UNITED STATES v. SOKOLOW

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Case Basics
Docket No. 
87-1295
Appellee 
Sokolow
Appellant 
United States
Opinion 
Advocates
(Argued the cause for the respondent)
(Argued the cause for the United States)
Tags
Term:
Facts of the Case 

Drug Enforcement Administration agents stopped Sokolow in Honolulu International Airport after his behavior indicated he may be a drug trafficker: he paid $2,100 in cash for airline tickets, he was not traveling under his own name, his original destination was Miami, he appeared nervous during the trip, and he checked none of his luggage. Agents arrested Sokolow and searched his luggage without a warrant. Later, at the DEA office, agents obtained warrants allowing more extensive searches and they discovered 1,063 grams of cocaine.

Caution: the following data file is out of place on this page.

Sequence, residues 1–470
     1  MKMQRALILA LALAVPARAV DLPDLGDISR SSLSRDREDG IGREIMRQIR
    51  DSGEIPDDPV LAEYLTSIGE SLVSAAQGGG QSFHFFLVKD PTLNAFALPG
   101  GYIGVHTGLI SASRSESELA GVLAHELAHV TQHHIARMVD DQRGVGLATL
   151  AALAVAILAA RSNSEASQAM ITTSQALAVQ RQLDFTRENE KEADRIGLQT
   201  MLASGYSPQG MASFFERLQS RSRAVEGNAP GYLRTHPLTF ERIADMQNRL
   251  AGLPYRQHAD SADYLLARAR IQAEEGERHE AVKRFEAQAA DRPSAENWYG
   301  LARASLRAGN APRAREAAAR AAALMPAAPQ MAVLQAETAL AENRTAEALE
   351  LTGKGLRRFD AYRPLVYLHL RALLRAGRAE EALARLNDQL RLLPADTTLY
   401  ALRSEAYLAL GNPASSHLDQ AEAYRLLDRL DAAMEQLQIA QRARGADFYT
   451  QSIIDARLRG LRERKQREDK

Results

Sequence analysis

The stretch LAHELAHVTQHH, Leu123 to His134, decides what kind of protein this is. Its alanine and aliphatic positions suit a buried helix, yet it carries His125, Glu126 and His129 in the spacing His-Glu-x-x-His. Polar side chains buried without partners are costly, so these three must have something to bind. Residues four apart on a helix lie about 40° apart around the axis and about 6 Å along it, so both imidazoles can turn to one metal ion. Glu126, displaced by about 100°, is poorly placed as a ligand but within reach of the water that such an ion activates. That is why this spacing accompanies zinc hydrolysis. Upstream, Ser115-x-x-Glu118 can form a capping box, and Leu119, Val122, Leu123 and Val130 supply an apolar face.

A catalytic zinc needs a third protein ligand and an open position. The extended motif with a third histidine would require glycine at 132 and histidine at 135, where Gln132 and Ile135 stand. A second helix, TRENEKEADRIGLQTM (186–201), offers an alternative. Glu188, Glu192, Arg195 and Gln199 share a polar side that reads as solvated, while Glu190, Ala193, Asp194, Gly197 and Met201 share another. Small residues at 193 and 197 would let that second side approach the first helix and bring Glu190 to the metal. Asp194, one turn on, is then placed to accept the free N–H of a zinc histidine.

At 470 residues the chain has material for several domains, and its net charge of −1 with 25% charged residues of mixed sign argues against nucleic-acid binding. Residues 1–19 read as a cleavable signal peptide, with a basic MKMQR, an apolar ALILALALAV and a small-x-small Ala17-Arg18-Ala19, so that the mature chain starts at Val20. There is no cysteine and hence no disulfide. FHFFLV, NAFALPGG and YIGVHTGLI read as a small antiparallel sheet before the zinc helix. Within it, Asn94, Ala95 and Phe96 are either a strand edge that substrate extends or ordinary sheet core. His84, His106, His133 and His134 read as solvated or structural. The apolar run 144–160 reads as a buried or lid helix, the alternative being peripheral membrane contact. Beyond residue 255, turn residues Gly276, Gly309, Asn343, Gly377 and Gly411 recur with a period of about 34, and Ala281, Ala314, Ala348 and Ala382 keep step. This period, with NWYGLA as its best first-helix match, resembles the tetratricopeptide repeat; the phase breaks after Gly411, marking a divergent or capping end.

Question 

Did the search violate the Fourth Amendment?

Conclusion 
Decision: 7 votes for United States, 2 vote(s) against
Legal provision: Amendment 4: Fourth Amendment

The Court upheld the search and reasoned that the agents had a "reasonable suspicion that respondent was engaged in wrongdoing." Chief Justice Rehnquist argued that the validity of such a stop should be based on the "totality of the circumstances," (United States v. Cortez, 1981), which, in this case, gave agents a clear reason to suspect Sokolow of drug trafficking.

Cite this Page
UNITED STATES v. SOKOLOW. The Oyez Project at IIT Chicago-Kent College of Law. 27 July 2014. <http://www.oyez.org/cases/1980-1989/1988/1988_87_1295>.
UNITED STATES v. SOKOLOW, The Oyez Project at IIT Chicago-Kent College of Law, http://www.oyez.org/cases/1980-1989/1988/1988_87_1295 (last visited July 27, 2014).
"UNITED STATES v. SOKOLOW," The Oyez Project at IIT Chicago-Kent College of Law, accessed July 27, 2014, http://www.oyez.org/cases/1980-1989/1988/1988_87_1295.